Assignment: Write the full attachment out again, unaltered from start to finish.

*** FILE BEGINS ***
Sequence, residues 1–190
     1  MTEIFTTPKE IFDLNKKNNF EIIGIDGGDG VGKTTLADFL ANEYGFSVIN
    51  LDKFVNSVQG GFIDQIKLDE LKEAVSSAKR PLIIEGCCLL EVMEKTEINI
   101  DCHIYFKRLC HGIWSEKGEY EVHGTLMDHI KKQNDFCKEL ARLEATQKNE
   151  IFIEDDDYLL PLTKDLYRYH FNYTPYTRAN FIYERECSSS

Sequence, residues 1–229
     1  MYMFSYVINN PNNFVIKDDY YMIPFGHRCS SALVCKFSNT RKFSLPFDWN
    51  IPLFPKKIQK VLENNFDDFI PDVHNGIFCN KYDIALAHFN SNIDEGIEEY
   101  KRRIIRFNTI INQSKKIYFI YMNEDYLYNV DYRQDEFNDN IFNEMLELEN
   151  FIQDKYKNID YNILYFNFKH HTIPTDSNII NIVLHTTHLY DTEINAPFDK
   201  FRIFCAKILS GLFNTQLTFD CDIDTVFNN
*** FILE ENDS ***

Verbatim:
Sequence, residues 1–190
     1  MTEIFTTPKE IFDLNKKNNF EIIGIDGGDG VGKTTLADFL ANEYGFSVIN
    51  LDKFVNSVQG GFIDQIKLDE LKEAVSSAKR PLIIEGCCLL EVMEKTEINI
   101  DCHIYFKRLC HGIWSEKGEY EVHGTLMDHI KKQNDFCKEL ARLEATQKNE
   151  IFIEDDDYLL PLTKDLYRYH FNYTPYTRAN FIYERECSSS

Sequence, residues 1–229
     1  MYMFSYVINN PNNFVIKDDY YMIPFGHRCS SALVCKFSNT RKFSLPFDWN
    51  IPLFPKKIQK VLENNFDDFI PDVHNGIFCN KYDIALAHFN SNIDEGIEEY
   101  KRRIIRFNTI INQSKKIYFI YMNEDYLYNV DYRQDEFNDN IFNEMLELEN
   151  FIQDKYKNID YNILYFNFKH HTIPTDSNII NIVLHTTHLY DTEINAPFDK
   201  FRIFCAKILS GLFNTQLTFD CDIDTVFNN